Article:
When managers make an effort to listen to employees, they see the benefits in terms of engagement and positive relationships, which moves an organization toward success.
It’s not only about inviting employee input. It’s also about proving you value that input by taking action on it.
T o create a culture where people feel their input is valued, you need to facilitate dialogue. Senior leaders must set the tone, establish expectations for the entire organization, and model active listening.
Here are 8 steps to becoming an active listener:
1. Approach each dialogue with the goal to learn something.
Think of the person as someone who can teach you.
2. Stop talking and focus closely on the speaker.
Suppress the urge to think about what you’re going to say next or to multitask.
3. Open and guide the conversation.
Open and guide the conversation with broad, open-ended questions such as “what other strategic alternatives did you consider” or “how do you envision. ” Avoid close-ended questions that can be answered with just a “yes” or “no.”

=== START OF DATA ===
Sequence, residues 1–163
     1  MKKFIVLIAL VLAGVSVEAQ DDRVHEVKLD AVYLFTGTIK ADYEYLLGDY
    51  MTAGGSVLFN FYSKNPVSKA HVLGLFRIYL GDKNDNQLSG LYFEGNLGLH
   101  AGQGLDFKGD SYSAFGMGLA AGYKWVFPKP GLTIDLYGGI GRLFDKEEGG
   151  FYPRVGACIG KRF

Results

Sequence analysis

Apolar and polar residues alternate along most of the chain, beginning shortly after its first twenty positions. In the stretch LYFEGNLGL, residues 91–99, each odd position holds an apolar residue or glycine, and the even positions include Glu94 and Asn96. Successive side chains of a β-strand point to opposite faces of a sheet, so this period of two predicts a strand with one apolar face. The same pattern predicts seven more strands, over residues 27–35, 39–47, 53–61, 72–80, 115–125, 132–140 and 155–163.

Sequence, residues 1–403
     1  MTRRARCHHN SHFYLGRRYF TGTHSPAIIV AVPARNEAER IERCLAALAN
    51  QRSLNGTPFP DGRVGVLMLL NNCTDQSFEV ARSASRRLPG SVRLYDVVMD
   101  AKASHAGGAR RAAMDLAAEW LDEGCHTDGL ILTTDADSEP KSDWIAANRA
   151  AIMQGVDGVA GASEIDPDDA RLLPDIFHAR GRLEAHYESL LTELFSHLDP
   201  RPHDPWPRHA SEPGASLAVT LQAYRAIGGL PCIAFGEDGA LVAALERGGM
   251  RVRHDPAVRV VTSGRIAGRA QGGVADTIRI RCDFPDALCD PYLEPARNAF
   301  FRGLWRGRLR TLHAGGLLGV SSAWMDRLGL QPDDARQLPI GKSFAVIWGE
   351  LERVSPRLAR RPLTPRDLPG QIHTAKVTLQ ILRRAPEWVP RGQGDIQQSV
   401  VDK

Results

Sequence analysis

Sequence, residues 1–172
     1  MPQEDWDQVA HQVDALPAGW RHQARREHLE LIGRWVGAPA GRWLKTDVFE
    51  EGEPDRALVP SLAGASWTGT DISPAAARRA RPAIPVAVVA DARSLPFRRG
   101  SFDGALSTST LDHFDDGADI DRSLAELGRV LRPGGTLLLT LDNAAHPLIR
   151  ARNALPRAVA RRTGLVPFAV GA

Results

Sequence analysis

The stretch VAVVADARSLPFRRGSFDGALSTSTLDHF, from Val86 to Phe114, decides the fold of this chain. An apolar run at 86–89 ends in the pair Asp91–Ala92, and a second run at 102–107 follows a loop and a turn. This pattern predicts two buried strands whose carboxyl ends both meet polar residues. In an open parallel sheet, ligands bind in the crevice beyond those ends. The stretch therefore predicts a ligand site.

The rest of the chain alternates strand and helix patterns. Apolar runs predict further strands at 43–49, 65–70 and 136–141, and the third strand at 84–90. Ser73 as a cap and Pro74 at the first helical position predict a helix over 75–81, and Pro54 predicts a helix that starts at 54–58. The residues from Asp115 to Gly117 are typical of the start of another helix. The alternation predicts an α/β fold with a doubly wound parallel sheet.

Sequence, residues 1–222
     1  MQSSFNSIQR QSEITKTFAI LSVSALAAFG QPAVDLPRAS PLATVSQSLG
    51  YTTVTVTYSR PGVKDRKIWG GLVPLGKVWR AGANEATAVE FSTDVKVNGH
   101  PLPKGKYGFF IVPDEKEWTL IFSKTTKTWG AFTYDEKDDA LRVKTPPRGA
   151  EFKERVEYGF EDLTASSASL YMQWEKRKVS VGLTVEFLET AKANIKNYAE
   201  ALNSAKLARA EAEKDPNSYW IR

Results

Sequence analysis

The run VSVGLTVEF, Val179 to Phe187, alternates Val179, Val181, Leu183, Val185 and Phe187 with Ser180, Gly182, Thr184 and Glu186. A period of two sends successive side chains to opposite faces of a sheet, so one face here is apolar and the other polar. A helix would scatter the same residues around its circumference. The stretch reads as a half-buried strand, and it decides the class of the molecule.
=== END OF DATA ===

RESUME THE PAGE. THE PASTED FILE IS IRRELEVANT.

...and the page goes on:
4. Drill down to the details.
Drill down to the details by asking directive, specific questions that focus the conversation, such as “Tell me more about. ” “How did you come to this conclusion?” or “How would this work?”
5. Summarize what you hear and ask questions to check your understanding.
Questions such as”If I’m understanding you. ” or “Tell me if this is what you’re saying. “
6. Encourage with positive feedback.
If you can see that a speaker has some trouble expressing a point or lacks confidence, encourage him or her with a smile, a nod or a positive question to show your interest.
7. Listen for total meaning.
Understand that in addition to what is being said, the real message may be non-verbal or emotional. Checking body language is one way to seek true understanding.
8. Pay attention to your responses.